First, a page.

New York Clears Way for Electronic Medication Transactions

New York next month will allow doctors to use e-mail to send prescriptions to pharmacies. The state also will allow pharmacists access to online medication profiles, as long as patients authorize the sharing of their records among pharmacies with a common database.

The new regulations require that all prescription and medical data be encrypted when sent over the World Wide Web to prevent unauthorized access to patient information, and any pharmacist that accesses an electronic database for any reason other than filling a prescription could lose their license and possibly be subject to prosecution

The state's Board of Regents made the decision to clear the way for online drug transactions as an effort to reduce the number of adverse drug reactions and prescription errors caused by unclear handwriting or phone orders. There also is confusion when patients use different pharmacies for different prescriptions and end up with unsafe drug interactions.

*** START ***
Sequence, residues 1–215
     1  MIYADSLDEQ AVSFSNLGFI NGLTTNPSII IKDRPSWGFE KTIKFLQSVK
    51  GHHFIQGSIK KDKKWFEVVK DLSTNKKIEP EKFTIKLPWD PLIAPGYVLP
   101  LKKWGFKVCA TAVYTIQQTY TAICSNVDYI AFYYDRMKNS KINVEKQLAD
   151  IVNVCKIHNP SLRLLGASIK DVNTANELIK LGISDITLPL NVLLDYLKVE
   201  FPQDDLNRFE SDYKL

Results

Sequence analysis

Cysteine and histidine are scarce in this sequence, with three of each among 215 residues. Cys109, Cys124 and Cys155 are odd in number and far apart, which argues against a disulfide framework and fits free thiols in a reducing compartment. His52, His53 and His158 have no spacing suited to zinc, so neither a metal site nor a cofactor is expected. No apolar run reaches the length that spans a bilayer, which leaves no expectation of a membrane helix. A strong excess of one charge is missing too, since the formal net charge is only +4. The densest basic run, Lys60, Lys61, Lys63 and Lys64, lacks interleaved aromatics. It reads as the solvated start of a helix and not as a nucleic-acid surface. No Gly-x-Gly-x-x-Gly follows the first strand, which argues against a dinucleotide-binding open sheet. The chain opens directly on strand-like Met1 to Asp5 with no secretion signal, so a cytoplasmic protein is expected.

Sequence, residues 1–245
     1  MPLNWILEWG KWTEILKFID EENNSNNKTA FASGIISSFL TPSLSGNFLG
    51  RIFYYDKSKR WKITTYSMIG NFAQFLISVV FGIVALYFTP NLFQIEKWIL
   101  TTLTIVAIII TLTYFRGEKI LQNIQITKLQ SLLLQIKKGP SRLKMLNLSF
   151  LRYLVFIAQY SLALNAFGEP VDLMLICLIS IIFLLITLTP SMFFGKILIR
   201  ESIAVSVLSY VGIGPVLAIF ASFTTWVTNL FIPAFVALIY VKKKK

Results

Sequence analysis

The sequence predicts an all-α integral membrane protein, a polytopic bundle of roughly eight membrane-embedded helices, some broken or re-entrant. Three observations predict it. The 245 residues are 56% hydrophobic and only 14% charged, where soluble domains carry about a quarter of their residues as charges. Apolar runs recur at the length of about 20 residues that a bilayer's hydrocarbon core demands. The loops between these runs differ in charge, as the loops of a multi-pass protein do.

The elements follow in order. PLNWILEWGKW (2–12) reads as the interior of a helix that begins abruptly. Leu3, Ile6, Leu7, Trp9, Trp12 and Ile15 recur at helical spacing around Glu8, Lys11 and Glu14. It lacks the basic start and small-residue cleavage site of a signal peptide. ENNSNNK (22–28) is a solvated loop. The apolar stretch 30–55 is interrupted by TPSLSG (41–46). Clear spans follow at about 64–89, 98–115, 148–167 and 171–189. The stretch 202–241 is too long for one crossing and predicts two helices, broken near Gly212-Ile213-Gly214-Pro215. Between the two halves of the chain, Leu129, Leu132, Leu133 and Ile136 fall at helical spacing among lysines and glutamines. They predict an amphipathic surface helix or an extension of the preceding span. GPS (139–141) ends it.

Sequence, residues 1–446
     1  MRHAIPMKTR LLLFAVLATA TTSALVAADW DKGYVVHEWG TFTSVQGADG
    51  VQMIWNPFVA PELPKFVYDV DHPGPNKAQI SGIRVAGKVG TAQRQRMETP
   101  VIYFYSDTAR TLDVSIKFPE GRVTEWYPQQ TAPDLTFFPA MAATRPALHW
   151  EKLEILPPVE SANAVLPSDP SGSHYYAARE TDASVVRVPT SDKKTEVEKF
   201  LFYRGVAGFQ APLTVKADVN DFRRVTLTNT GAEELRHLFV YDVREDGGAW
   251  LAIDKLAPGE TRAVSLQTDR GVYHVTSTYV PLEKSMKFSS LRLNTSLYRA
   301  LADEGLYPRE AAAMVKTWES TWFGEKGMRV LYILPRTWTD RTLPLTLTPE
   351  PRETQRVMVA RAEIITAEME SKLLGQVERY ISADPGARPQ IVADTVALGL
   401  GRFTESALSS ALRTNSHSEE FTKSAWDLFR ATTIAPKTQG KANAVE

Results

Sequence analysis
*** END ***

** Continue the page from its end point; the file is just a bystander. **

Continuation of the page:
"With the dramatically increasing volume of prescriptions being dispensed today and the drugs themselves becoming more complex, we have found a way to increase the attention that pharmacists give to patients directly," Regents Chancellor Carl Hayden said.

More than 165 million prescriptions are filled each year in New York, but authorities expect that number to grow to 220 million by 2003. Some 30 states allow prescriptions to be e-mailed to doctors.

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